WASHINGTON -- Western Maryland's tumultuous congressional race ended in November, but campaign debt continues to haunt Roscoe G. Bartlett and Thomas Hattery.
Federal Election Commission records show the Hattery For Congress Committee ended 1992 owing $57,517.94. Mr. Bartlett's campaign reported a debt of $65,485.73. Neither candidate has reduced his debt since the year-end report.
Personal loans the candidates made to their own election committees make up almost all of the debt. There is no limit to the amount candidates can contribute to their campaigns. Personal loans are a source of quick cash during a race.
"You set out planning an optimum and a minimum [fund-raising] plan. If you find, over time, you're unable to meet the minimum plan, you make yourself a loan to cover your expenses," Mr. Hattery said.
More than three-quarters of the Hattery committee's debt consists of loans from the Democratic state legislator. Mr. Hattery said the $45,000 in loans he made to the committee would be the last debts to be paid.
The Committee to Elect Bartlett for Congress owes the Republican congressman $65,485.73 of the nearly $106,000 in loans he made to his committee during the election. The outstanding loans constitute all of the Bartlett committee's remaining debt.
Bartlett campaign manager Melissa Cartano said the congressman's reliance on loans was the only way to gather money quickly in a race few expected him to win early on.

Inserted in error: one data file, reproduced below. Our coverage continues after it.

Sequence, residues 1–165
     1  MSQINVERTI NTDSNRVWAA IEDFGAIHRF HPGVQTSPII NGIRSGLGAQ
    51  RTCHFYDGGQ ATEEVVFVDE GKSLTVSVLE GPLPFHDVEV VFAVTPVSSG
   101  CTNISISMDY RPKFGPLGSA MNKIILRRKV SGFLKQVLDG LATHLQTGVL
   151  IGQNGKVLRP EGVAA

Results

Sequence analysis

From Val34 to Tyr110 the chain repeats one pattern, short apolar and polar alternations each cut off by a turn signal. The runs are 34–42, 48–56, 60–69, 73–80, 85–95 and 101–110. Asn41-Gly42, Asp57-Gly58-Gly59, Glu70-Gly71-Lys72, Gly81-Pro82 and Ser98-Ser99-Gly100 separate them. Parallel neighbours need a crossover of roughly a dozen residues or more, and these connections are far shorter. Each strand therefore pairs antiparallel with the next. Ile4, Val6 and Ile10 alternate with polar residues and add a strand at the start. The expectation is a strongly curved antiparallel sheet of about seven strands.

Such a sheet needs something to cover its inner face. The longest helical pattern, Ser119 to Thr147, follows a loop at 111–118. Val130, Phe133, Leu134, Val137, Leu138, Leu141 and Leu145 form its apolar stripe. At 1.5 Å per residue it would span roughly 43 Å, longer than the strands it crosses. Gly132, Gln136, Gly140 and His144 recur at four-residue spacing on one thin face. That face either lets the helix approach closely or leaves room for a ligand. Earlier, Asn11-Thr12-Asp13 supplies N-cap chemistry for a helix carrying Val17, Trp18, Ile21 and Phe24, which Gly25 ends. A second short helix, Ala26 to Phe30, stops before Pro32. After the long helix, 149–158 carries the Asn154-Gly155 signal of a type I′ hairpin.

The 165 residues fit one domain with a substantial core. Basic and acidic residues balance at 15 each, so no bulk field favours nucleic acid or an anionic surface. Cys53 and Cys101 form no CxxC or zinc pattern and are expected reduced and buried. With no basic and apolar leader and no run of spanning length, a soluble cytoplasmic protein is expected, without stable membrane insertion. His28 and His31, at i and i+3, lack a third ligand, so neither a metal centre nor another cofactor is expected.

"When you run as an outsider, it's difficult to raise money. At best, a lot of people hedge their bets," Ms. Cartano said. "People had gotten into the habit of not contributing a lot of money in the 6th District."
The methods that Mr. Bartlett and Mr. Hattery use to retire their debt will vary due to differences in fund-raising rules the two men must follow.
Mr. Hattery, who held on to his seat in the Maryland House of Delegates during his unsuccessful congressional campaign, has since been handcuffed by a 5-year-old state rule forbidding House members to engage in fund-raising while the legislature is in session.
The 90-day session began in January and runs until April 12. After that, Mr. Hattery said, he will attend to raising money. He said he will count primarily on individuals who have supported him in the past, but he has not "focused on the details yet."
Congress has no similar rule, so Mr. Bartlett can raise money all year.
Ms. Cartano said the Bartlett committee's plans to raise money to repay the congressman will be spread out over the next year. Money raised will be split between the 1992 debt and his 1994 re-election bid, she said.
The Federal Election Commission requires that all debts be paid off, including personal loans, before a candidate's election committee may be dissolved.